Within days of the outbreak of war between Britain and Germany, John Devoy and Sir Roger Casement presented a proposal to the German Embassy: the Irish would start a rebellion, putting England at war on two fronts, if Germany would sell them guns and provide military leaders. Hoping to present their proposal directly to the government in Germany, Casement and Devoy decided to send a personal envoy, John Kenny.
Kenny sailed for Naples on August 14, carrying only one bag, with a change of clothes, some papers, and credentials from the German Embassy. After a dangerous and nerve-wracking voyage, he was initially denied permission to disembark, a position the authorities reversed the next day when they were overwhelmed with passengers wishing to leave Italy and the looming war. In Rome, he was given a cordial and lengthy interview by the German ambassador. He then traveled by train and boat over the Alps to Berlin, the ground shifting daily beneath his feet as one country after another joined the conflict. He observed with dread the buildup taking place to what would surely be a monumental catastrophe.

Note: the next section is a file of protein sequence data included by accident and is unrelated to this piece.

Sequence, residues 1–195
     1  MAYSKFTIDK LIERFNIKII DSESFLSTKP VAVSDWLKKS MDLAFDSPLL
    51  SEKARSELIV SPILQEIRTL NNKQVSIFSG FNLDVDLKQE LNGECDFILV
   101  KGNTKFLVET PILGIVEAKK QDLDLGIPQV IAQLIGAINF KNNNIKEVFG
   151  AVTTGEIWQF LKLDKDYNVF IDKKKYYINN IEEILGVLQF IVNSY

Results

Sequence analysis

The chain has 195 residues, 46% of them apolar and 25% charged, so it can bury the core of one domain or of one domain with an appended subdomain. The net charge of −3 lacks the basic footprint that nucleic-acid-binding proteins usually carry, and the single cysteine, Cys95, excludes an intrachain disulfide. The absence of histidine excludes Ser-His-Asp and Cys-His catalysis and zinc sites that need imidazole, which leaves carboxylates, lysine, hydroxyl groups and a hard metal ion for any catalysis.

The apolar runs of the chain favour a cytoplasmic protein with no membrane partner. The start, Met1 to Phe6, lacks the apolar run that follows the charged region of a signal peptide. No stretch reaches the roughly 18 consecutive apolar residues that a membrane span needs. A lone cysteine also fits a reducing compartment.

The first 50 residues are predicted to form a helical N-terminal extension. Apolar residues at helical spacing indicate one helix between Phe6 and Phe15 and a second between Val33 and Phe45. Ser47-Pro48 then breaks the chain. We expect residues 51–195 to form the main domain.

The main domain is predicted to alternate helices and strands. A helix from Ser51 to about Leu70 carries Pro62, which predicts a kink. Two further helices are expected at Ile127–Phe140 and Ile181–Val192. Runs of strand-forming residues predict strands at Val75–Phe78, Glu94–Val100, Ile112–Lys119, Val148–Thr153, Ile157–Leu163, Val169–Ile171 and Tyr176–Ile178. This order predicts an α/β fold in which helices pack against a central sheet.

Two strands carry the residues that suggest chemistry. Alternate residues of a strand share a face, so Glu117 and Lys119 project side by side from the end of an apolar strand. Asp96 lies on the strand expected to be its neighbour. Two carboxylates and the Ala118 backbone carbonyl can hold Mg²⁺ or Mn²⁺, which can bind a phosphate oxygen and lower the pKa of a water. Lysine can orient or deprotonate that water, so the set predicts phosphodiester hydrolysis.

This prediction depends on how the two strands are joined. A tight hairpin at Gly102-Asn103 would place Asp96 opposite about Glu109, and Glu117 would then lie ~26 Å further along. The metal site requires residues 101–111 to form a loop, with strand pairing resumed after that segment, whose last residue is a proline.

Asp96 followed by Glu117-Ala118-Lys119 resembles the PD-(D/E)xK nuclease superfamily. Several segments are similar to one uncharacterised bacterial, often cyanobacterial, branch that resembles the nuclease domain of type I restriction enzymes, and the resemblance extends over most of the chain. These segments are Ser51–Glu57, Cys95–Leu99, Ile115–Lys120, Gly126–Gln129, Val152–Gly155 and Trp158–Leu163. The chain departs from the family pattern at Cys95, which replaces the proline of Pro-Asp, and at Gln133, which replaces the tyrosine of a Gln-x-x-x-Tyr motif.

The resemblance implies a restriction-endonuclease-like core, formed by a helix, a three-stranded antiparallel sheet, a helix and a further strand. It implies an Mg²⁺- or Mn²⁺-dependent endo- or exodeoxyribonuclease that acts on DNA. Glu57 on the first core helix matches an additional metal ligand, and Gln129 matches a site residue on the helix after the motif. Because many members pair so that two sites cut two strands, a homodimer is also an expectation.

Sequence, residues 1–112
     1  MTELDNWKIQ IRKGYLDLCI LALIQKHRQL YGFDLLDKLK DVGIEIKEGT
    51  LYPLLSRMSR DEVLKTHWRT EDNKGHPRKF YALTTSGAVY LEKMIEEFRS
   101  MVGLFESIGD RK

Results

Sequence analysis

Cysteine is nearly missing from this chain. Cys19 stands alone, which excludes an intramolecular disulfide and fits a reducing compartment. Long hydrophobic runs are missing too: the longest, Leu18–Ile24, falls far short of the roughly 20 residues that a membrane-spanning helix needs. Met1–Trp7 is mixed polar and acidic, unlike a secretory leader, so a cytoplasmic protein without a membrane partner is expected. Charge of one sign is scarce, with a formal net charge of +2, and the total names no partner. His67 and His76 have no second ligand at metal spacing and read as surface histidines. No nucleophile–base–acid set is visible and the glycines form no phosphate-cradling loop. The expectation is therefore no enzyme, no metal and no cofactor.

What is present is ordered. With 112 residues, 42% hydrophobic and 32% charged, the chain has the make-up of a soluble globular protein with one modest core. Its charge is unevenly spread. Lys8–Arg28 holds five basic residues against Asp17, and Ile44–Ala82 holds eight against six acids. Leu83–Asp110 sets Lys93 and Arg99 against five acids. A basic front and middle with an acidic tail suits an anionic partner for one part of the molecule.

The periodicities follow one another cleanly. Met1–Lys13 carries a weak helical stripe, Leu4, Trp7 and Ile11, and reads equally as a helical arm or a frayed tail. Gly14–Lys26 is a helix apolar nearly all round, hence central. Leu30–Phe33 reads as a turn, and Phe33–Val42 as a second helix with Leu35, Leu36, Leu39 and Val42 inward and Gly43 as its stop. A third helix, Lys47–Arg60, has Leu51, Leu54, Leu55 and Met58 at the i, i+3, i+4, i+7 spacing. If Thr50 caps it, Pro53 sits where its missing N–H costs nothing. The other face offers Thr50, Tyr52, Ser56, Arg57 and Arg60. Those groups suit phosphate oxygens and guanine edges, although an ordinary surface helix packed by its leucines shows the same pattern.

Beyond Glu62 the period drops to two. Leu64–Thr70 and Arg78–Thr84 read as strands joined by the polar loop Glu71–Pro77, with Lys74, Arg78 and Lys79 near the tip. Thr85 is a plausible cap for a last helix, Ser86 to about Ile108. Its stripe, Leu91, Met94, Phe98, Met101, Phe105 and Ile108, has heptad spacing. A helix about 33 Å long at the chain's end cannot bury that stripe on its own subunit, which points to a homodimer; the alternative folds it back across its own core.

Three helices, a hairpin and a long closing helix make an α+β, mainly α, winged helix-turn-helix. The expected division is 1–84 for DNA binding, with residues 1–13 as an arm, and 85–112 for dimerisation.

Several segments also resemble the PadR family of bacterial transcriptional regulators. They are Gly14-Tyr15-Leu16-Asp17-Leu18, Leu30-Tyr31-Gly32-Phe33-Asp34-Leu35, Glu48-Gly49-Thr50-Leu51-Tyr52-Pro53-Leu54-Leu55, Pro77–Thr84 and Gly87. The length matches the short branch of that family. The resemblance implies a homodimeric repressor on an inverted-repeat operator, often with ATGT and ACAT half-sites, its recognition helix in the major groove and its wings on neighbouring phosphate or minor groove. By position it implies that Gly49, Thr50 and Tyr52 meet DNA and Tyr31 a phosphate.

In Berlin he met with ex-Chancellor Prince von Buelow, who offered to help him reach the Kaiser, who was near the Front. Although both Kenny and Devoy doubted that a meeting with the Kaiser would be possible, Casement was very anxious for Kenny to meet with him. (Casement also wanted Kenny to meet with the Pope while in Rome). Kenny set off, traveling first by troop train, then on foot, foraging for food and sleeping outdoors as needed (remarkable, considering he was 67 years old), but did not manage to catch up with the Kaiser, who had moved to a secret location. His funds all but depleted and his escape route through Naples now closed by the war, Kenny decided it was time to return home.